Governor Phil Murphy signed the bill.
Governor Phil Murphy signed the bill.

New Classes for New Jersey

The Garden State will add information literacy to grades K–12.

Schools must teach math. Students also need to learn English, social studies, and science. Well, kids in New Jersey will soon be studying another subject as well. On January 4, the state’s governor signed a new bill into law. It requires New Jersey schools to teach information literacy to all students from kindergarten through grade 12.

Some schools already include information literacy in their curriculum. But New Jersey became the first state in America to add information literacy to all the public schools in every grade.

So, what is information literacy? The bill calls it “a set of skills that an individual to recognize when information is needed and to locate, , and effectively use the needed information.” You need to use information literacy when you read books or news sites. You also need it for social media, movies, TV shows, video games, and ads — or any other source of info. Information literacy includes key skills for media literacy.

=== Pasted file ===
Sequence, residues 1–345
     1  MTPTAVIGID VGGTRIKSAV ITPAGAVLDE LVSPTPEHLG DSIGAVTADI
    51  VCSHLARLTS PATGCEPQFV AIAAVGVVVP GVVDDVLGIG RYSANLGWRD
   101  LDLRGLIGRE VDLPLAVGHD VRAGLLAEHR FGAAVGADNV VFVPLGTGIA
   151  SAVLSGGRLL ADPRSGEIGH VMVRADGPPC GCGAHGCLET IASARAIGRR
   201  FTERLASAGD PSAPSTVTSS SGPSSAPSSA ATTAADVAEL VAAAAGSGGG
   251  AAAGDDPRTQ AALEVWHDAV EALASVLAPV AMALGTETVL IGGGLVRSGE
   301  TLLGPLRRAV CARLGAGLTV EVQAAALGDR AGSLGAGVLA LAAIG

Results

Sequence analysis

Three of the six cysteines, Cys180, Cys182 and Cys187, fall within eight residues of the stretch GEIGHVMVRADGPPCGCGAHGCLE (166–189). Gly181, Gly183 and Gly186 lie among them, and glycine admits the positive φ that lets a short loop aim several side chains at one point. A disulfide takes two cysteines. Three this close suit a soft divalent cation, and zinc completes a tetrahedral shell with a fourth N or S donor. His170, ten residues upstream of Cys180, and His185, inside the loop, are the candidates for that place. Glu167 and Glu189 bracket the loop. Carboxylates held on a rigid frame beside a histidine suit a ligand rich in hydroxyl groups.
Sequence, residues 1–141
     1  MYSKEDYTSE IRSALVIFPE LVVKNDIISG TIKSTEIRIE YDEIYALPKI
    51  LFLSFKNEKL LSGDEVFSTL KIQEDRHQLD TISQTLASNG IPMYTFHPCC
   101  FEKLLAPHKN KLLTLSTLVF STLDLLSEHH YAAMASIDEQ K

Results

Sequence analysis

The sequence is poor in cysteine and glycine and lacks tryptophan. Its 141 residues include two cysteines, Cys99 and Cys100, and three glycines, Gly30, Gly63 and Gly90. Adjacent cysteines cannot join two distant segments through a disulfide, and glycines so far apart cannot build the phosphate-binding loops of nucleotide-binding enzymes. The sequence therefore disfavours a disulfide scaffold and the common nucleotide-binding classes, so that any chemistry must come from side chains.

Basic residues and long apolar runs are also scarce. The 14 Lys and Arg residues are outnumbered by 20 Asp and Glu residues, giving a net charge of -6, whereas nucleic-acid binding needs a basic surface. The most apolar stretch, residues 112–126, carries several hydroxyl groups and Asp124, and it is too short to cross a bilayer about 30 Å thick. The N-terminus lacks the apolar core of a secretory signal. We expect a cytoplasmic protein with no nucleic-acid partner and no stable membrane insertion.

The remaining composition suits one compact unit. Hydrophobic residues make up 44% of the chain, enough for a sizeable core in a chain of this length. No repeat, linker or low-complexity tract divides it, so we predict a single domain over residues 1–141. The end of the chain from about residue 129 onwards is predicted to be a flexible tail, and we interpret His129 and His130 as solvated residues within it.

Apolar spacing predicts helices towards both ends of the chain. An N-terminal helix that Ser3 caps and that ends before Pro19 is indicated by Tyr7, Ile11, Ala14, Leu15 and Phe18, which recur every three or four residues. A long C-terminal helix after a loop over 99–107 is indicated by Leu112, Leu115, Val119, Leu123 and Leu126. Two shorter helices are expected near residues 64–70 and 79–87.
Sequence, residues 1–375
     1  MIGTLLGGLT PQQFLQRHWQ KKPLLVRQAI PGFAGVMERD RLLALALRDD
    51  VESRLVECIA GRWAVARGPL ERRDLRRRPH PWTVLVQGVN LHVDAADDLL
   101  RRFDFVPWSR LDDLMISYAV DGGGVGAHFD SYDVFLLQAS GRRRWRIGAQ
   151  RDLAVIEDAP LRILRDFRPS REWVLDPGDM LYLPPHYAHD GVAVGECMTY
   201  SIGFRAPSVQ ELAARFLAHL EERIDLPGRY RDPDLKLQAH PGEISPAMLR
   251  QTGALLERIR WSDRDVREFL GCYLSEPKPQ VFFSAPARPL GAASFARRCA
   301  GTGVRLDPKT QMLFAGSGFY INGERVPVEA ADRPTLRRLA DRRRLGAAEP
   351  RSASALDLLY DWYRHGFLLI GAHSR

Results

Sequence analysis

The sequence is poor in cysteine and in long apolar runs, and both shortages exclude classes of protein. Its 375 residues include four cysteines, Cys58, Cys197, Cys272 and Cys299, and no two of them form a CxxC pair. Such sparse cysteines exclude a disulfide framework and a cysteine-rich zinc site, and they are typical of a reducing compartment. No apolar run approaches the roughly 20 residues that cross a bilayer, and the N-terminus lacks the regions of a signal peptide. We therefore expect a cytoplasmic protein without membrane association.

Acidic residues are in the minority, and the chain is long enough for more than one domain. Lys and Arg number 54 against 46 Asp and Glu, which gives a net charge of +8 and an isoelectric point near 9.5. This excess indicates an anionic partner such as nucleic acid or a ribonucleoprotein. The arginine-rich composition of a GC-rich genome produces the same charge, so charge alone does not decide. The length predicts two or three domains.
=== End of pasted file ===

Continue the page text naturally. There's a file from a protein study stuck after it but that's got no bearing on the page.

Michael Testa is a state senator in New Jersey. He voted to support the bill — which passed the state senate 36–0 in November before Governor Phil Murphy signed it in Trenton, New Jersey. “Teaching children about information literacy will help them to weigh the flood of news, opinion, and social media they are exposed to — both online and off,” said Testa. “This law isn’t about teaching kids that any specific idea is true or false,” he added. “It’s about helping them learn how to research, evaluate, and understand the information they are presented for themselves.”

Many people struggle to figure out what information is real. Many websites or social media posts include fake facts. Governor Murphy called it his “responsibility” to make sure that America’s “future leaders are equipped with the tools necessary to identify fact from fiction.” And he said he was “proud” to sign this bill to support “the success of New Jersey’s students and the preservation of our democracy.”